ANALYSIS

Searching for a blueprint to rescue SA: Tips from Germany’s social market economy model

By Peter Fabricius 26 August 2020

Dresden after the 1945 firebombing raid, with a partial view of the destroyed city centre over the Elbe river. (Photo: Wikimedia)

Could Germany’s ‘miracle’ in rebuilding its shattered economy and society – after the hyperinflation of the 1920s and 30s, Nazism, the Holocaust and World War II – help avoid South Africa ‘doddering towards a failed state’?

Perhaps South Africa’s approximation of Germany’s celebrated social market economy – which guided it to such enormous economic and social success after the war – could be the neglected 2013 National Development Plan dusted off, updated, refreshed and actually implemented.

From the ashes and rubble of war, West Germany constructed Europe’s strongest economy – and one of the best in the world – from the blueprint of the “social market economy”.

Just across the Berlin Wall, East Germany tried to rebuild its part of the country with a socialist, totalitarian state which controlled the entire economy and the politics.

West Germany’s formula – a social compact between the left and the right, between labour and business, between free marketeers and socialists demanding a strong state to administer social justice – has been widely credited with steering first West Germany and then, after 1990, a reunited Germany, to its great success. 

Can the German model work in SA?

The Hanns Seidel Foundation and the Catholic Parliamentary Liaison Office held a webinar last week to ask if the social market model could be adapted to the South African context.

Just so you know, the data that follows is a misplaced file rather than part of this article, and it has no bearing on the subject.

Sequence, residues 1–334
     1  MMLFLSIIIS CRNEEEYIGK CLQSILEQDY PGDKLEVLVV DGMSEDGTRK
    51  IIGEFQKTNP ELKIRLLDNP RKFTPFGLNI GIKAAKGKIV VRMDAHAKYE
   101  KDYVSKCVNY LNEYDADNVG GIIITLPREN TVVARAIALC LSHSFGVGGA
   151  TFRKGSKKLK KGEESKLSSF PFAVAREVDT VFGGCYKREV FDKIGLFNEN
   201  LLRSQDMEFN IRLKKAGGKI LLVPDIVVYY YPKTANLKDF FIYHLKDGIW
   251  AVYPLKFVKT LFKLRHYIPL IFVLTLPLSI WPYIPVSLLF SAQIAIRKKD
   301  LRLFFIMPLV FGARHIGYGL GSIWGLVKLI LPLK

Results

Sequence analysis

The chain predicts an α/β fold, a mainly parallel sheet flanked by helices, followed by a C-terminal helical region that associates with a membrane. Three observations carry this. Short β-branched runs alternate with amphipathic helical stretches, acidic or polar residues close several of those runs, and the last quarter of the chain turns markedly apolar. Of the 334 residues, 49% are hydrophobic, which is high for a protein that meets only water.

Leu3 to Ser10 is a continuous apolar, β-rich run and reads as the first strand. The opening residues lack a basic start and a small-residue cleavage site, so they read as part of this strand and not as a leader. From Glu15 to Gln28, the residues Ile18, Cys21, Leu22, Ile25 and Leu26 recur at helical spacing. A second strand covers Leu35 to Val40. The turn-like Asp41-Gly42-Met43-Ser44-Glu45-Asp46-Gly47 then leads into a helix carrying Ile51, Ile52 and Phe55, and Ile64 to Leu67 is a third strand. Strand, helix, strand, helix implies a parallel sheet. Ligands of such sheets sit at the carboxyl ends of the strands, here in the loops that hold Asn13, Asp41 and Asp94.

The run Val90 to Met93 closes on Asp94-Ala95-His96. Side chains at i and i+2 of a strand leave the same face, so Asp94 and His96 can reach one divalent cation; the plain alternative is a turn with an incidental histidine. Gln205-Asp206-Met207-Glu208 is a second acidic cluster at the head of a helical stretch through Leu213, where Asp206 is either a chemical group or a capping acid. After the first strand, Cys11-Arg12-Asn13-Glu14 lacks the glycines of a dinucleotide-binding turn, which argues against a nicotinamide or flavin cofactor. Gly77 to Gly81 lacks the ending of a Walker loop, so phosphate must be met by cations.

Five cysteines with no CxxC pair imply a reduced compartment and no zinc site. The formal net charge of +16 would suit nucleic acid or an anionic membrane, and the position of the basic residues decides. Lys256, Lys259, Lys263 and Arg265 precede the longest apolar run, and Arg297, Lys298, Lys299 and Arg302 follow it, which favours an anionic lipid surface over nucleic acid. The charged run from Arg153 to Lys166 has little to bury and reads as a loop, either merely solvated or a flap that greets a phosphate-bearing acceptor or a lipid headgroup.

Hanns Bühler, the foundation’s resident representative in South Africa, said “South Africa is facing an enormous economic decline” aggravated by the Covid-19 crisis. 

Unemployment, debts, the state budget deficit, and inequality were all rising. “The current development trajectory is increasingly untenable… and while there has been obviously important progress, economic empowerment has not been working in the way it was envisioned in 1994.” 

Bühler noted that the Institute for Security Studies had just forecast that “if the government successfully uses the coronavirus crisis to build a pro-growth social compact and implements evidence-based economic policies, South Africa’s economy could, by 2044, be almost 50% larger than the current path forecast for that year”. 

President Cyril  Ramaphosa has already spoken about a new economic model for South Africa. But many strategies and plans have been proposed in the past, and never really implemented. 

Socialism vs capitalism

In South Africa, the “never-ending debate” between socialism and capitalism was increasing in a time of crisis. But there was much more than only those two concepts, which was why Bühler’s foundation and the CPLO were holding a debate on the social market economy. 

There was no blueprint which could be copied, because the contexts were different. “But we can learn from each other and we can share experience.”